Blair has been wrong in understanding that even Middle East with its conflicts is passing through a period of transition. These fratricidal and overtly religious clashes will eventually lead to the growth of Islamic or Arab nationalism
Former British prime minister Tony Blair proved why the world does not regard him as a global leader. Once again he showed how pathetically warped his views are. Blair has recently opined that the "epic" battles of the current century would be fought over religion and not on political ideologies. He said: "The battles of this century are less likely to be the product of extreme political ideology — like those of the 20th century — but they could easily be fought around the questions of cultural or religious difference."
Evidently, thus opining, he betrayed his lack of understanding and knowledge about emerging trends and changing perceptions that are shaping our century. Blair has been caught trapped in his archaic beliefs and seems not to have moved beyond the tenets postulated by Professor Samuel P. Huntington in his book, The Clash of Civilization and the Remaking of World Order. Huntington's views are passé today.
"The 21st century will be defined by nationalism; not religion or culture." And in believing contrary to this obvious trend Blair seems to have not taken into consideration what the former US secretary of state Hillary Clinton so strongly believed in. She was convinced that "The future of (global) politics will be decided in Asia, not Afghanistan or Iraq."
Zachary Keck, Associate Editor of The Diplomat journal, feels that Blair has been wrong in his assessment that religion and culture will dominate world politics in the 21st century because he based his assessment on what is happening in the Arab World and Pakistan. And Keck is right. Blair has obviously ignored the events fast crystallizing in Europe, Central Asia, Burma, Thailand and even the Philippines.
Blair's error of judgement and comprehension is understandable. He has been greatly influenced by the turmoil under way in Middle East. But what this former British prime minister has not noticed is the strains of nationalism sprouting below the surface of fratricidal and overtly religious conflicts which is bleeding the region at present.
Blair has been wrong in understanding that even Middle East with its conflicts is passing through a period of transition. These fratricidal and overtly religious clashes will eventually lead to the growth of Islamic or Arab nationalism. We have seen this happen in the past and this will happen again in future. In about a decade or even less we would see growth of nationalism permeating across the Arab world, Pakistan, Afghanistan, Indonesia and even Turkey.
"Blair (has also) overlooked the importance of great powers in driving international politics. With the possible exception of Russia, none of the countries Blair notes in his examples of places profoundly divided by religion are slated to be great powers in the 21st century. Rather they are bit players on the world stage. And while bit players may dominate headlines in the short term — particularly when they are engulfed in civil wars — they don't define the world over a longer term like a century."
Let us go back to the text books of history to put our perspective right which Blair has seemingly forgotten to do. It was Britain, in fact Europe in general, which dominated the 19th century. It was so because most of the global powers of the contemporary world were located in Europe.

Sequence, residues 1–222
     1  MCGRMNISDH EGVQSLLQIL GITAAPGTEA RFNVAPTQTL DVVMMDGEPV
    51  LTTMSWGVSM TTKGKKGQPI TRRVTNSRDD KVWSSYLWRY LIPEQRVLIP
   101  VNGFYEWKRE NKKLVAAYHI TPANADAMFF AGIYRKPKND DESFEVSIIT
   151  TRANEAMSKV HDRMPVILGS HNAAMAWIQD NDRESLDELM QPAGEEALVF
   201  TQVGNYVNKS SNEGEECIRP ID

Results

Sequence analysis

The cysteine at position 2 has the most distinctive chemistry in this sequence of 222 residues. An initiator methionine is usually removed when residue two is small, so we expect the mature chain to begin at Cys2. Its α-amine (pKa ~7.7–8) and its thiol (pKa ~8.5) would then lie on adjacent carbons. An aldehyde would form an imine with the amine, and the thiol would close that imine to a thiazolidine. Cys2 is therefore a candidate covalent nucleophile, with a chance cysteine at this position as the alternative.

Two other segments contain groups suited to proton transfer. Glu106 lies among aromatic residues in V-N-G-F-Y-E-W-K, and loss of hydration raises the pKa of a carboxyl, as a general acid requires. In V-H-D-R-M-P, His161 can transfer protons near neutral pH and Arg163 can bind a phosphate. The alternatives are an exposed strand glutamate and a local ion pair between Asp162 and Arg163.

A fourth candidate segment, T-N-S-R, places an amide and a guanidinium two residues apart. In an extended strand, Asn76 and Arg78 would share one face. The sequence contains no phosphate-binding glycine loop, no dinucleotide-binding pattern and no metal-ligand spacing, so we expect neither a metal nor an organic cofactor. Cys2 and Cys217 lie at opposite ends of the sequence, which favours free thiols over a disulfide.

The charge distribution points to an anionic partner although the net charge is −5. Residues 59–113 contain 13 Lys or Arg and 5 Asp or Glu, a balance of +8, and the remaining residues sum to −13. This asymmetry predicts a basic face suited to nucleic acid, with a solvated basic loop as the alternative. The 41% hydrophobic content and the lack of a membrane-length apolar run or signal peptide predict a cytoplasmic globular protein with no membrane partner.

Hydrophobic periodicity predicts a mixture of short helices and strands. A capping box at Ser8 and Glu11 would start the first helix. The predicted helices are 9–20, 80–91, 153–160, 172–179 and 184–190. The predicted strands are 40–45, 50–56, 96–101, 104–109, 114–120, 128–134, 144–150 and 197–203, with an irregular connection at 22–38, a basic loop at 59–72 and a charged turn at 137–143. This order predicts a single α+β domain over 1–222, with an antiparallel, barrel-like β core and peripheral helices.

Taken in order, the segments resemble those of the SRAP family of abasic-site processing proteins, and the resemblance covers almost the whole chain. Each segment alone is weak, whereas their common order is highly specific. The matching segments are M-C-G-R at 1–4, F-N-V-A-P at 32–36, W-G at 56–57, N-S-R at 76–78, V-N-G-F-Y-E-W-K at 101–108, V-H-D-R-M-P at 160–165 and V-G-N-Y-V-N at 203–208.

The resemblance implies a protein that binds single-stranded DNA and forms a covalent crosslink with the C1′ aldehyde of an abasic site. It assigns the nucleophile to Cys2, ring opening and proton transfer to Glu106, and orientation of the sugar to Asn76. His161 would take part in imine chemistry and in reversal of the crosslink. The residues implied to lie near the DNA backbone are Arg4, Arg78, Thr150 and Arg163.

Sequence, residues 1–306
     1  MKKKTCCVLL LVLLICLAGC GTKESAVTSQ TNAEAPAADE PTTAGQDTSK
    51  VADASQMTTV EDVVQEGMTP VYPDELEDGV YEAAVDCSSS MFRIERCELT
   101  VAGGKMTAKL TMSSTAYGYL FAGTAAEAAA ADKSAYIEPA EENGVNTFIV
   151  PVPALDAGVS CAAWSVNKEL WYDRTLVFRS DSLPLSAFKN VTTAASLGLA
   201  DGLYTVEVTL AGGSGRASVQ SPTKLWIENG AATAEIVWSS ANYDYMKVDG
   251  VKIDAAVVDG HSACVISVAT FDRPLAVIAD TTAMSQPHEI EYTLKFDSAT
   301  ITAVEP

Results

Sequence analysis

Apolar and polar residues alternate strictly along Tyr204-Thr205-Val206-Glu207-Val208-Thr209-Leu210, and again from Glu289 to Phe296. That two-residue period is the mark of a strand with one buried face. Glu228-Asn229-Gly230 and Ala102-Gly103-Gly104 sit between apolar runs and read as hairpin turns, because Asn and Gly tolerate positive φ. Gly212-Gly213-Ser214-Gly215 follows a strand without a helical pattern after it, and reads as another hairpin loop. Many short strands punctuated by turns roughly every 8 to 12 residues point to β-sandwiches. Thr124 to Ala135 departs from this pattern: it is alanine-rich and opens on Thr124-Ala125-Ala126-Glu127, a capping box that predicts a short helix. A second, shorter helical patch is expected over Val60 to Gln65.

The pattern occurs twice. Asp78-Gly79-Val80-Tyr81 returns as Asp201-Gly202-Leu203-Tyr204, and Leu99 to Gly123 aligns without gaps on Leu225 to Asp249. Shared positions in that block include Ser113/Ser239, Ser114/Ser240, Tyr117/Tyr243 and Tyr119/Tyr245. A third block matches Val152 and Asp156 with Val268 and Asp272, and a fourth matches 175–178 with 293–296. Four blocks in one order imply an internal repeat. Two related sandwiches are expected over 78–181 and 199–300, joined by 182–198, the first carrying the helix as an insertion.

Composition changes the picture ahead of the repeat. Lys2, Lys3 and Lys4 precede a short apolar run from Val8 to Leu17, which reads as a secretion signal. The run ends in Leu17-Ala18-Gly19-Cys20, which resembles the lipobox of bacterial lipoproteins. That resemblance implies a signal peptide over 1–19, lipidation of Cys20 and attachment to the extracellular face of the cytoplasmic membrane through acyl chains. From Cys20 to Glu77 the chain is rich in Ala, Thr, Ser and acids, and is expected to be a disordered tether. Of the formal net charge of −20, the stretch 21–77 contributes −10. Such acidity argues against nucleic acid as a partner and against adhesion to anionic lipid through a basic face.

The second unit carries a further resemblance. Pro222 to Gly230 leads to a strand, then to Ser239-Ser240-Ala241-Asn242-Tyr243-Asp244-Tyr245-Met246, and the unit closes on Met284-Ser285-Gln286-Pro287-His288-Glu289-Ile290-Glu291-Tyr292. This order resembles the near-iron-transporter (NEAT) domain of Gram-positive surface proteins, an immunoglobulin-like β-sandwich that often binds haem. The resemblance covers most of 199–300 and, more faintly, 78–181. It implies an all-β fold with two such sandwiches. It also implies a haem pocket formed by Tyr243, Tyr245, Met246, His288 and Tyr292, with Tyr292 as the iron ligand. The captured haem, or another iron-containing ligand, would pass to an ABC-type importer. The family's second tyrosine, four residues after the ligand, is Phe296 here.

The 20th century, most so since World War II, has been the American century because of the command and influence exerted by the United States in shaping our world and politics.
Neither in the 19th century nor in the 20th culture or religion played any significant role in defining our planet and its politics. And so shall religion and culture remain only marginal factors in determining the order of the world in 21st century.
Therefore, Keck's conclusion is worth pondering. For this reason alone, the 21st century will likely be another age of nationalism, not religion. But even outside of Asia and the other rising powers, including in places where religion ostensibly predominates, nationalism is usually the most important ideology. Take the Middle East, for example, where religion and sectarianism seem most prevalent. While there's no denying religion and sectarianism's importance in the Middle East, we have repeatedly seen nationalism trump these factors when the two were in opposition.
Migrations and migrants are creating new cultures and are now the new pegs of rhetoric which is shaping politics of nations and continents.
Governments across the world are being pushed to revise their nation-building priorities. Globalisation is the new threat — enemy image — to nations. Inclusive pluralism is fast becoming passé. Immigrants and some historical minorities are perceived as a burden to society. Old myths about yielding influence in the financial world are revived. The 'multiculturalism model' is questioned.
A worried editorial sometimes ago in The Guardian has surmised that as Brussels or Berlin will continue to lose sight of that simple fact, voters will reach for simpler and uglier solutions. The leader of Chrysi Avgi (Golden Dawn), Nikos Michaloliakos, who introduced himself to Athens city council with a Nazi salute, has lately made the trend more than clear saying "the nation comes first, democracy after".
Nationalism in Europe has actually been growing since past few years and all the more since 9/11. Pluralism and multicultural society have been increasingly looked upon more as banes. Extreme form of nationalism has been mounting where migrants and ethnic groups other than white Christians are seen as threats to national identity.
The author is the Opinion Editor of Times of Oman.